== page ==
So far the message from Republican Mayor of Thornton Jan Kulmann, running in the red-hot Republican CD-8 primary, has been long on “glittering generalities” and short on policy details other than the “drill baby drill” refrain Kulmann picked up working in the oil and gas industry. But yesterday, Kulmann finally took a stand on an issue that Republican primary voters are always keen to grouse about, immigration policy:
It’s nothing you wouldn’t expect in a Republican primary, but as Colorado Public Radio notes about the new ultra-competitive CD-8, there’s a risk in doing so:
Politically, it’s the state’s most evenly divided district. Unaffiliated voters make up 44 percent of active registered voters, while Democrats make up 28 percent and Republicans 25 percent. Averaging the outcome of eight recent races shows how narrow the divide truly is, with Democrats coming out with a negligible 1.3 percent advantage.
The district also has the highest proportion of Hispanic or Latino residents in the state; [Pols emphasis] only 52 percent of residents described themselves as non-Hispanic white on the U.S. Census, while 38.8 percent of residents identify as Hispanic. 4.1 percent of the people living in the district are of Asian background and 2.3 percent are Black.
Kulmann could have kept the point limited to the du jour issue of fentanyl smuggling, but she went on to decry “illegal border crossings” in general–personalizing the issue in a way she could have avoided. We’re not suggesting that Latino voters are monolithic on immigration or any other issue, but there’s no question that attacking immigrants in the state’s most Latino district is politically very risky. It plays directly into the hands of Democrats in the general election, who are fielding a choice of two well-known Latino elected officials in their primary. It’s another example of how Republican politics have diverged from the mainstream so much that there’s just no way to represent their agenda honestly without turning off a large, potentially decisive segment of voters.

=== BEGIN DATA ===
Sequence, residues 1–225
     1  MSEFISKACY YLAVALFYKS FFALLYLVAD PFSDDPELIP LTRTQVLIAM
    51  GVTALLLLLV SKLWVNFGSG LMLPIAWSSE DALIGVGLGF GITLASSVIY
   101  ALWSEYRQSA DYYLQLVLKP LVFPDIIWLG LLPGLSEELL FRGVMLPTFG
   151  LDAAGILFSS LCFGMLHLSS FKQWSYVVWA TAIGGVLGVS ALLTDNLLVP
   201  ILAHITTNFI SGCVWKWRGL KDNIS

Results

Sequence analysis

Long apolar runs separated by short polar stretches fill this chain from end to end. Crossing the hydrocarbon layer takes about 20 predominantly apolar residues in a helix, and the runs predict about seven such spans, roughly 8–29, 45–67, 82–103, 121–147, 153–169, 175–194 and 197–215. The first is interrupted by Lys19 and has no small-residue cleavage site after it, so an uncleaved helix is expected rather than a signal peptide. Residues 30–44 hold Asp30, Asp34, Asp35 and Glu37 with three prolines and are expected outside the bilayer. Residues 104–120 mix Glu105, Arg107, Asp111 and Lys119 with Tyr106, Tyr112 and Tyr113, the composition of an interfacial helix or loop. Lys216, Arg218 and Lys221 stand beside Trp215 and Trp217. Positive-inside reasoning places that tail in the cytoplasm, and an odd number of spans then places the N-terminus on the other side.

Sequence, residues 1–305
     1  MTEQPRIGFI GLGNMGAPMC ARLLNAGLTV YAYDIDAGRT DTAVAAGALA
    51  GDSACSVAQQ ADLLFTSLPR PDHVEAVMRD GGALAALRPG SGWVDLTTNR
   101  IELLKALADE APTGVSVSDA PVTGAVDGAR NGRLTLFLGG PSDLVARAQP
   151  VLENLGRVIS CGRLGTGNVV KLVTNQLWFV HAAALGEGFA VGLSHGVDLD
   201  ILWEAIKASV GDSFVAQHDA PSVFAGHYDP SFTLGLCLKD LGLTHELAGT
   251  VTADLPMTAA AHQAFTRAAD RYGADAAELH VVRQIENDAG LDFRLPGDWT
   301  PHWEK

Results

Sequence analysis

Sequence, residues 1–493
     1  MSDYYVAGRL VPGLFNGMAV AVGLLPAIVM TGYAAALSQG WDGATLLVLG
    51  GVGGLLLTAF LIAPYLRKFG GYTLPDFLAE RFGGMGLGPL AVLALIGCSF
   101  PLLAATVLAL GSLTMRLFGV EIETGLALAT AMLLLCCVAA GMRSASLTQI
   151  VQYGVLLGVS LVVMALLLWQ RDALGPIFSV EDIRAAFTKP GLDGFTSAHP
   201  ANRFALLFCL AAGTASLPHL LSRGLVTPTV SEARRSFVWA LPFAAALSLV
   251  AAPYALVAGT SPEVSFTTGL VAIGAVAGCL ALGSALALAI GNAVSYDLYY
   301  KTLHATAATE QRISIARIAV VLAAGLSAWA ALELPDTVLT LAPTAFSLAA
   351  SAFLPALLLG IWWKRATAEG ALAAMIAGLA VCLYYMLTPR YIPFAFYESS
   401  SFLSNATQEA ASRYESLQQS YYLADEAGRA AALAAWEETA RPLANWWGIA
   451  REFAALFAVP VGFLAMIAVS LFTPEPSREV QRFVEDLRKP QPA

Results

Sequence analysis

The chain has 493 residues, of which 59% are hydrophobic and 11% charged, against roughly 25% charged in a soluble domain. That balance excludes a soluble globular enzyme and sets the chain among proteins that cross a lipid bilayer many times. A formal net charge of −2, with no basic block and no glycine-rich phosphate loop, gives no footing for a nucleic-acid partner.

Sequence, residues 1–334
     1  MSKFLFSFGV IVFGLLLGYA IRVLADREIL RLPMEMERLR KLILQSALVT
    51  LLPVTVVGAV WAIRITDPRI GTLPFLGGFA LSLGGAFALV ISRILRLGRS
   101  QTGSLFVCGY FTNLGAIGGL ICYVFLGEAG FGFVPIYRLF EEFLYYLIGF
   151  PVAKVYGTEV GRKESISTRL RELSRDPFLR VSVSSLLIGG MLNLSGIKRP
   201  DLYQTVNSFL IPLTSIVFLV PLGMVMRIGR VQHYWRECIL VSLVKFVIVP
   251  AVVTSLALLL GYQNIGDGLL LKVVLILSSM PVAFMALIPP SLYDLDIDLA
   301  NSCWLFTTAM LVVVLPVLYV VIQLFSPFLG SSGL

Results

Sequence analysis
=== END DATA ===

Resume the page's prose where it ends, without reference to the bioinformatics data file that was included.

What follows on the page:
Because if Kulmann doesn’t give the Republican base the red meat they’re looking for, Barbara Kirkmeyer and Lori Saine will! All of these candidates are locked into messages ahead of the June 28th primary that become toxic the following day. This may be Colorado’s most evenly-divided congressional seat by party registration, but that doesn’t tell the whole story.
If you thought for whatever reason Kulmann would be immune to these problems, now you know better.
"and some, I assume, are good people."
Anyone happen to know how the new District 8 would have voted in the Presidential general elections of 2016 and 2020??
538 has CD2 as solid D. CD8 is competitive.
Looks to me like they have it as "highly competitive" with a Republican lean.
I stand corrected. I was reading CD2 as CD8. CD8 is competitive.
All the gory details are here.
These Republican politicians will have a lot of baggage to deal with in the General. Clawing back to the middle is going to be tough when you have happily spent the last ten years being at the extreme end of extreme right politics. They are all beatable in a General.